Double-breasted frock coat, unknown maker, 1871. Museum no. T.47-1947. © Victoria & Albert Museum, London
By the early 19th century men's fashions had also undergone a radical change. The coat still finished in long tails at the back but was cut higher in front. The waist-length square-cut waistcoat showed beneath it. The lining of the shoulders and upper chest of the coat was sometimes quilted to improve the fit. In the early 19th century some dandies wore boned corsets to give them a small waist.
Gradually men adopted long trousers rather than knee breeches. Trousers became increasingly fashionable in the first quarter of the 19th century. At first they were only worn for day and informal dress but by the 1820s they were acceptable for evening wear. Breeches continued to be worn at court.
The tall hat from the late 18th century was still worn and developed into the top hat which was worn for day and formal dress throughout the 19th century. Hair was carefully styled into a windswept look or worn short and curled.
During the second half of the 19th century men retained the white waistcoat and black tail-coat and trousers of the early 19th century for evening wear. For day wear they wore a frock coat with straight trousers, a short waistcoat and a shirt with a high stiff collar. The single- or double-breasted frock coat fitted quite closely to the torso and had a waist seam. The skirts were straight and finished at mid-thigh or below. The front of the coat was square cut. Hair was still styled but by the late 19th century it was short and cut close to the head. Many men had beards and moustaches.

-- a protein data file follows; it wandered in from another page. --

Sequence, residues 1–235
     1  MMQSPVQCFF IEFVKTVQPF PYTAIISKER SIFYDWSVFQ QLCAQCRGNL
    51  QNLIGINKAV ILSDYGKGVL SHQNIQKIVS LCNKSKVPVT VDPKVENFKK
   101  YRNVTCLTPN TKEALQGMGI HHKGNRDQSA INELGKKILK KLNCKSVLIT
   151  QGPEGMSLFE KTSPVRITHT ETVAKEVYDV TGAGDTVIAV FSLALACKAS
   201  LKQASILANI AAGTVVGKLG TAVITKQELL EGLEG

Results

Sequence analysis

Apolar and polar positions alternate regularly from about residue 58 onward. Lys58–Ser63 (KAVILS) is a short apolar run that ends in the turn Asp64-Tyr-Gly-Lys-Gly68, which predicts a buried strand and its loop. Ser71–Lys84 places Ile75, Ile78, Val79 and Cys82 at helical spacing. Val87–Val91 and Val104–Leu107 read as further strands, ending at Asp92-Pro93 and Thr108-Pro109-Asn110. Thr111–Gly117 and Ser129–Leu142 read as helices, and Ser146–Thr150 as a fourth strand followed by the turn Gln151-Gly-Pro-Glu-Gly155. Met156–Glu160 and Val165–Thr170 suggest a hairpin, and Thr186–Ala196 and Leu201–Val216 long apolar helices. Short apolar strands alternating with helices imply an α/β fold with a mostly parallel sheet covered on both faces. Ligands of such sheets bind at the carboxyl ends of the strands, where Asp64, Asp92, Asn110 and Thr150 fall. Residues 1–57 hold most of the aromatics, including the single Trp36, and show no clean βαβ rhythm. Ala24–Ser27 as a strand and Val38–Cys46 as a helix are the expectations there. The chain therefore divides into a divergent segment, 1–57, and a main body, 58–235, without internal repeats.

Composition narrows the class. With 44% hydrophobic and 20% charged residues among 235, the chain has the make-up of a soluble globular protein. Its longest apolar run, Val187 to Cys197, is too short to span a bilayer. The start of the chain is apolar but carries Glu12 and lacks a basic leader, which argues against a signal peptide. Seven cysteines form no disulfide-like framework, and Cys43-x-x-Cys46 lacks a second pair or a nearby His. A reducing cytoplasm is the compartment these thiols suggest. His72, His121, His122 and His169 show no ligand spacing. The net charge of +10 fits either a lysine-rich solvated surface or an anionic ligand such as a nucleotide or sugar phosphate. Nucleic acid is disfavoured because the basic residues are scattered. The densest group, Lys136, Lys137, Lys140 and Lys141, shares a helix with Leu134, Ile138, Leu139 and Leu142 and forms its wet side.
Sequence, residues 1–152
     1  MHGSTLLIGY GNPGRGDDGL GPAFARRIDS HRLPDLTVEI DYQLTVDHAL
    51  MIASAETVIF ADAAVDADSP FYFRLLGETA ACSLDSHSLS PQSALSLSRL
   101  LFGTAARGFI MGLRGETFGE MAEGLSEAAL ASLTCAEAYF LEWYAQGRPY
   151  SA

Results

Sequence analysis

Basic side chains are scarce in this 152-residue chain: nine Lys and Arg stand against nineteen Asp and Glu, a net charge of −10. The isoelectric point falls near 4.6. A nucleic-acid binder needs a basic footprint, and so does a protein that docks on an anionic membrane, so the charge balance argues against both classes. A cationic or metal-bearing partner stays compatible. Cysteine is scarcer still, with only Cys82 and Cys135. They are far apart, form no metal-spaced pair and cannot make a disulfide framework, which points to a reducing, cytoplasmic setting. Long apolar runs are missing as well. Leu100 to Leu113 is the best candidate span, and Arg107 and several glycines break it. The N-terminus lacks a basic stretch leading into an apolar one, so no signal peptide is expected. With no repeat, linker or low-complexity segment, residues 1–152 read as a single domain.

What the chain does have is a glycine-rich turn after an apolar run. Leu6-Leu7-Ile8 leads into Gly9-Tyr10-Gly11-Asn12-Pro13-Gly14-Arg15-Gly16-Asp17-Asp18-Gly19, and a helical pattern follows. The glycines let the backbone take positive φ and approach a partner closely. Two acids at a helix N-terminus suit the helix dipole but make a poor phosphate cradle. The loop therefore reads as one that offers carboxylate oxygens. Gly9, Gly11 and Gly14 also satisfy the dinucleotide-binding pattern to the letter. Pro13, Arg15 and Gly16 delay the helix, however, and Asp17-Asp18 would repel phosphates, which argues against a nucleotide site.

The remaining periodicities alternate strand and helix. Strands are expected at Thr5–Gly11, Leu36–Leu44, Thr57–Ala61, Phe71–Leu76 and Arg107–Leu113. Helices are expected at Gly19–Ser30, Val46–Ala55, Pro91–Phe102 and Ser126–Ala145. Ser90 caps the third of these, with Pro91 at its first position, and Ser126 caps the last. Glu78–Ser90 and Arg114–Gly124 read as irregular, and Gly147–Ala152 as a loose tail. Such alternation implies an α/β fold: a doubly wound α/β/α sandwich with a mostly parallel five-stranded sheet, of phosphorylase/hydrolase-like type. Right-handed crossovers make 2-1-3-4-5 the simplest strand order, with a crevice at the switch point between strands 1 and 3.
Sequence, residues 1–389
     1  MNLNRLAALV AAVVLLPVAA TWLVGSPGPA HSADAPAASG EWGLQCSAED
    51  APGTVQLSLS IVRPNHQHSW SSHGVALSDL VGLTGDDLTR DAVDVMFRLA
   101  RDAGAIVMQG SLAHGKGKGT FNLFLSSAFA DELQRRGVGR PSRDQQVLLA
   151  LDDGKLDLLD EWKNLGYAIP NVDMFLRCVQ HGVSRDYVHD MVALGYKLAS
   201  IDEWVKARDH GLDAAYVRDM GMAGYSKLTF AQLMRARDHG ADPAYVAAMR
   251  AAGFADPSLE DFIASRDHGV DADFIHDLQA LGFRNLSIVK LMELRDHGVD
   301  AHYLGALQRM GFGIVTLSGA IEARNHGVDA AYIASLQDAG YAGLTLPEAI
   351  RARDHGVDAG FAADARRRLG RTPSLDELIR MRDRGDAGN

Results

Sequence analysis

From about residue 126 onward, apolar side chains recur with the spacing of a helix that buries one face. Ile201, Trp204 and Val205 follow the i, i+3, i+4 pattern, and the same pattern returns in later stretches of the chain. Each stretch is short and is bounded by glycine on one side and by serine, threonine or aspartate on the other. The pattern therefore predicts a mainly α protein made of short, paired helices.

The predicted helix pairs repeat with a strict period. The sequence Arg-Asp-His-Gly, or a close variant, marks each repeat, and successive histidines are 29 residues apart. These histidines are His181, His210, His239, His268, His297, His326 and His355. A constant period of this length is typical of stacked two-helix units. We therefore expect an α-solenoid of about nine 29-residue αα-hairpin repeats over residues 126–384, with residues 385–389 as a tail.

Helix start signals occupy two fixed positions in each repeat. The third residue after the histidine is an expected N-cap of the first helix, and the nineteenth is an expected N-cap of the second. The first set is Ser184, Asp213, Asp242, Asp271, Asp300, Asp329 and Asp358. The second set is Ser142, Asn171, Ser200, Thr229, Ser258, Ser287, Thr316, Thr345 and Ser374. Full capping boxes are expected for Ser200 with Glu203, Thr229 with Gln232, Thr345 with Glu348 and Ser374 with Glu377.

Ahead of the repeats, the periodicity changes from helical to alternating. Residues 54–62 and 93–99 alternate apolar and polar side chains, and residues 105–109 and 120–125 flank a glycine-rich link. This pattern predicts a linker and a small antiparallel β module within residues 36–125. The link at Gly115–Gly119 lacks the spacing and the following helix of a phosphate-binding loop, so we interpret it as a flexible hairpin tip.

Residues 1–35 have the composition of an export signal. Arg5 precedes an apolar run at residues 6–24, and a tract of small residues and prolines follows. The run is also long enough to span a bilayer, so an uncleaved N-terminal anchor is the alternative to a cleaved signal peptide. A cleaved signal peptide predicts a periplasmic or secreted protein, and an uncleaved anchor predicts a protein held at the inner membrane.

As the 19th century progressed women's dress gradually revealed the actual form of the body. In the 1820s and 1830s the waistline deepened, returning to its natural position. As the natural waist returned the bodice required a tighter fit and in contrast the skirt became fuller and bell-shaped. There were several different sleeve styles but short puffed sleeves were generally worn for evening and long sleeves for day. Corsets continued to be worn. These were lightly boned and quilted, with a deep busk. Several layers of petticoats with frilled hems, sometimes of horsehair, were worn to support the full skirts. Some petticoats of the 1840s were feather-quilted. Later examples of the 1850s and 1860s were made of 'crin' and steel hoops. The term 'crinoline' is derived from the French word crin which means horsehair.
This fashion plate from 'Ladies' magazine of 1801 shows the characteristic high waistline of the time. Museum no. E.249-1955. © Victoria & Albert Museum, London
Dress with a pattern that complements the shape created by the cage crinoline worn underneath it. Museum no. T.702-1913. © Victoria & Albert Museum, London
Bonnets or hats were worn outdoors and linen caps indoors. During the 1820s hair styles became very elaborate with raised top knots and the crowns of bonnets or hats were designed to accommodate them. By the middle of the century, by contrast, hairstyles had become smooth with a central parting finished with ringlets on either side of the face and a small bun at the back or simply swept back from the face to a chignon (a mass of hair arranged on a pad at the back of the head and held in place with a net or snood). Bonnets and hats continued to be worn until the 1860s when small, elegant styles appeared which simply perched on top of the head. Even smaller hats appeared in the 1870s when hairstyles rose in the form of elaborate chignons. In the 1880s and 1890s hairstyles remained `up' but did not retain the heights or bulk of the 1870s styles. Small hats decorated with birds and feathers and artificial flowers were fashionable.